Alex Berezow wrote about the decision of the California Energy Commission requiring new home construction to have roof-top solar panels. Beyond the lessons about crony capitalism and solar’s growing addiction to government largess, it does illustrate two economic concepts, first-mover advantage, and externalities.
Being the first-mover
When a new market develops, the first companies to enter the market take on the risk that there will be no demand. But when demand is present, that risk becomes an advantage as they can frame the market’s products and expectations. Any of the I’s tunes, pod or phone are excellent examples of first mover advantage. Electrical companies were the first to provide energy to our homes and had maintained their first-mover advantage for some time. We have invested a great deal in the infrastructure and delivery of electricity. Producing electricity is an expensive proposition, at least initially, creating the networks to store and deliver that product. These systems are “natural” monopolies only 1 or 2 companies could afford the effort, so government regulates them and their charges making them public utilities.
A solar “solution” comes into the market at a disadvantage compared to first-mover utilities. And the government provides them with subsidies to allow them “to compete” against the utilities. But that is not entirely true. After all, the government already regulates energy companies rates. And as I have said before, the government pays no bills, we do. In this instance, we pay additional fees and taxes to subsidize the emerging market for solar energy. Those extra fees are built right into the electric rate, so in some ways, as Alex correctly argues, the poor subsidize the wealthier.
In creating a model of costs and benefits, we sometimes leave factor out, because we believe they are not part of the calculation. For example, environmentalists have argued, correctly, that energy production has externalities we have not considered, like emissions. So it is intriguing (?) that the California Energy Commission, ignores an “externality” that changes its calculation of savings with solar.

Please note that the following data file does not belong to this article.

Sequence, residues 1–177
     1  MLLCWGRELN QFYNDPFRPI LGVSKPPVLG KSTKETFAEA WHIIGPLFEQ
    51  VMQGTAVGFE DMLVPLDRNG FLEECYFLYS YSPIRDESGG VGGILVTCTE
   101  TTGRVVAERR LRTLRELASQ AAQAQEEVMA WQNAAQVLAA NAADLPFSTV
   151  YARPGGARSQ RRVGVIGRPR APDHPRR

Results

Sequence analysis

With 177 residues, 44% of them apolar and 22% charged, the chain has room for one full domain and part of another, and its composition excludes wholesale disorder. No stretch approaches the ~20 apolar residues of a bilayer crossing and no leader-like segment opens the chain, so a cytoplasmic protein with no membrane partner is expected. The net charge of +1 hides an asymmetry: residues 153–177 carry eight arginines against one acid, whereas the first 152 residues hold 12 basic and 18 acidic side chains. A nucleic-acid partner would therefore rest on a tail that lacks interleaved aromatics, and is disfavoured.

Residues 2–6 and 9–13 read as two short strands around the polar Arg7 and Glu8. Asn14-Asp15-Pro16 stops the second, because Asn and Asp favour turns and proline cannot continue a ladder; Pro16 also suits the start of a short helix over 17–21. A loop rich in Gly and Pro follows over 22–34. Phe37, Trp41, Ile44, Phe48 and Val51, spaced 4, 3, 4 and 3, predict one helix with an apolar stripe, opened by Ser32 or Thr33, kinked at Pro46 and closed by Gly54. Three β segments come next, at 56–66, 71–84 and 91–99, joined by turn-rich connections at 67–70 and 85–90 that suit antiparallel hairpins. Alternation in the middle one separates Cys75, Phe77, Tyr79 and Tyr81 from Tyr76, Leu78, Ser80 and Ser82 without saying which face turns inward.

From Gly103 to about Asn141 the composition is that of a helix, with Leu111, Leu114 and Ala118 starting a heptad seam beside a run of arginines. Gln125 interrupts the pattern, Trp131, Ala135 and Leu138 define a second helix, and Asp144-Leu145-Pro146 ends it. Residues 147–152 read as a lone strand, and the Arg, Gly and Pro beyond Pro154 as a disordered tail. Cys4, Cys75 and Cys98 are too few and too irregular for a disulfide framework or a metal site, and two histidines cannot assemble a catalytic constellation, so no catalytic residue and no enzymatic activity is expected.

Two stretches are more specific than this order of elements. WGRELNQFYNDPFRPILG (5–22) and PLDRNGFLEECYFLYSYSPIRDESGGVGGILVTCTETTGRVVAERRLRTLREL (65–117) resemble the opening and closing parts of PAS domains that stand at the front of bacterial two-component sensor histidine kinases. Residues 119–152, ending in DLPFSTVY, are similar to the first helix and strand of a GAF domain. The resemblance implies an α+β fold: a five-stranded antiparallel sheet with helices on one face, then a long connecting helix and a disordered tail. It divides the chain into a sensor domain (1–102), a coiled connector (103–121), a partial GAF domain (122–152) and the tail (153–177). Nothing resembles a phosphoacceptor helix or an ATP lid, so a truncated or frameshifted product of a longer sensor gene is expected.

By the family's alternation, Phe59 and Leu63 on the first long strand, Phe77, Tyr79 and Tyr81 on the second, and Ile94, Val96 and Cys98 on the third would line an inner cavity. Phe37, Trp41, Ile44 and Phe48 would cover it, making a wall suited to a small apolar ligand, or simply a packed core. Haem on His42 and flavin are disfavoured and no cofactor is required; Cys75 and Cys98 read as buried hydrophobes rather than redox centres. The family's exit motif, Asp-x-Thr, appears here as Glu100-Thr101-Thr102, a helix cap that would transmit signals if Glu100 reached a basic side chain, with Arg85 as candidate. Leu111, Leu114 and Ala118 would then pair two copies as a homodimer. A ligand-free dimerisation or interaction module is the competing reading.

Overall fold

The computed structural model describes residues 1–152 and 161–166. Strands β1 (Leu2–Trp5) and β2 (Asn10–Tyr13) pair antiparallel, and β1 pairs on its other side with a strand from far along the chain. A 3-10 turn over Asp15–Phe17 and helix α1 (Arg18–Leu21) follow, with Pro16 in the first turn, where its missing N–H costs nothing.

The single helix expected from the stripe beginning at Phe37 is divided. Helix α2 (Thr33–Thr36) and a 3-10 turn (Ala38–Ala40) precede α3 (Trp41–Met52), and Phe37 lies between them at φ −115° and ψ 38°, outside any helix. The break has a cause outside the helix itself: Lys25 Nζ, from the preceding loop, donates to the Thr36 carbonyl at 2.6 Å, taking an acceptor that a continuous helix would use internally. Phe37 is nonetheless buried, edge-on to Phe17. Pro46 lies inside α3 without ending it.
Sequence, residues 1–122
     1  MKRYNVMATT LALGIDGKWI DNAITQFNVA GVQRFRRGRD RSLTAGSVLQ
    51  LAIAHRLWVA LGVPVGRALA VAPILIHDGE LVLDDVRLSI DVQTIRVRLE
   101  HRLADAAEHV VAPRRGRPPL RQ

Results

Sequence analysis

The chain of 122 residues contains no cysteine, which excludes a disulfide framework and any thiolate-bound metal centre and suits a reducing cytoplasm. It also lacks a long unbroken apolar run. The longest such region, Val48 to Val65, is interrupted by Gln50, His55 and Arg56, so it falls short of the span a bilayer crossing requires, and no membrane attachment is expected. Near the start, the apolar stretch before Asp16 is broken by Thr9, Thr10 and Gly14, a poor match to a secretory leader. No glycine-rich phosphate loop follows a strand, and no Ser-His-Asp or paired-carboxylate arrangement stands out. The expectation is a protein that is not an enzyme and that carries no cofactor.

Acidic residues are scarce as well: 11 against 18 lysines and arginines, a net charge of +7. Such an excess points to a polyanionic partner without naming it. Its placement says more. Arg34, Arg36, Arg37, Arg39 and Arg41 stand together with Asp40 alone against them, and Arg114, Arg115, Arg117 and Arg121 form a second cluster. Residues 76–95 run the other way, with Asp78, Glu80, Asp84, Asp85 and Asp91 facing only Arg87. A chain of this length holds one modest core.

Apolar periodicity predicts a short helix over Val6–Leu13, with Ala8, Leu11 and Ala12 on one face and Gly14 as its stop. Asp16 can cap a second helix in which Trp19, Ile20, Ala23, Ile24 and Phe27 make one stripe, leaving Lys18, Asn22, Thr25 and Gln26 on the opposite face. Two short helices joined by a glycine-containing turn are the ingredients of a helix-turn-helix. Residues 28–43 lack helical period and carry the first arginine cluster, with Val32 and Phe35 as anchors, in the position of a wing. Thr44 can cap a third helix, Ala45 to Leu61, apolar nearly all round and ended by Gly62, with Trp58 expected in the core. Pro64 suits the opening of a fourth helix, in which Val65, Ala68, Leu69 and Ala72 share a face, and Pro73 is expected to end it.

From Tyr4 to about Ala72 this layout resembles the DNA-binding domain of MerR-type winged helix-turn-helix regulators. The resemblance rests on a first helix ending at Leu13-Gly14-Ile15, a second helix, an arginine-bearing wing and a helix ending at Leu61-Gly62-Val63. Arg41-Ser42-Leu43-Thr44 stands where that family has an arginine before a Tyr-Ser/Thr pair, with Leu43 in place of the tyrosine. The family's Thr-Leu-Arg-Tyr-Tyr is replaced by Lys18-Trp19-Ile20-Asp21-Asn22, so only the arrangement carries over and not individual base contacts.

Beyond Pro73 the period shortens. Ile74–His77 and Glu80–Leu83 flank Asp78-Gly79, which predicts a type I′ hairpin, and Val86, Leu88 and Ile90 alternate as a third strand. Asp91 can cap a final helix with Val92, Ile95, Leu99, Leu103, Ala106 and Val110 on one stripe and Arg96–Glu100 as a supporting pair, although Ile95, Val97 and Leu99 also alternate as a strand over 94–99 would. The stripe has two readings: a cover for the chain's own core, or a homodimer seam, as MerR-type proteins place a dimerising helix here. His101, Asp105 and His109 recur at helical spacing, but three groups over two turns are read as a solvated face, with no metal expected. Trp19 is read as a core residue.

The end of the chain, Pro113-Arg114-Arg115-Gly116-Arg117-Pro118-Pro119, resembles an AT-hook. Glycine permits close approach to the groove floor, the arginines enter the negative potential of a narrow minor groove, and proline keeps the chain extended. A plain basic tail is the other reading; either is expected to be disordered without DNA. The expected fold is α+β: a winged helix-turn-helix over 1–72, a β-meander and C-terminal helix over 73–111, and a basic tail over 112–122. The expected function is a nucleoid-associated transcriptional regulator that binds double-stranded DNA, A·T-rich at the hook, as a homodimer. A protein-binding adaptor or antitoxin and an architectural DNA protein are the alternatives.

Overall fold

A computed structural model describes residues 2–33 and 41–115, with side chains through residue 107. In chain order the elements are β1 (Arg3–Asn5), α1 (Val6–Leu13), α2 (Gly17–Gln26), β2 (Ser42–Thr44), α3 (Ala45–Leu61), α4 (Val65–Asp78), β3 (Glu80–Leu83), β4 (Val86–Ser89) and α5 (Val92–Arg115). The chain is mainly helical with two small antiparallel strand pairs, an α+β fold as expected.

Their calculations are part of the public record, and they go to great lengths to determine costs and calculated benefits for two sizes of homes and across a range of California’s climates. Their bottom line is that the new regulation will add about $8,300 to construction costs and deliver twice as much in savings over 30 years – net a savings of about $23 a month. But nowhere in their calculation did they consider the cost of the interest on that $8,300 construction cost. Oops. Very few people purchase a home, the median in California is just north of $500,000, in cash; we take a mortgage. The additional interest comes to $34 a month. Counting in the “externality” moves the savings with solar to an $11/month cost.
I guess couching the new regulation as a savings is better than telling new homebuyers that they will be subsidizing solar energy companies.
 30-year mortgage, 30-year fixed mortgage interest rate: 4.41%, without consideration of taxes and insurance, for a 500,000 home is calculated at $2005 a month, adding on the $8,300 for solar panels increases the monthly payment to $2039. The same calculation for a $250,000 home puts the difference at $33/month.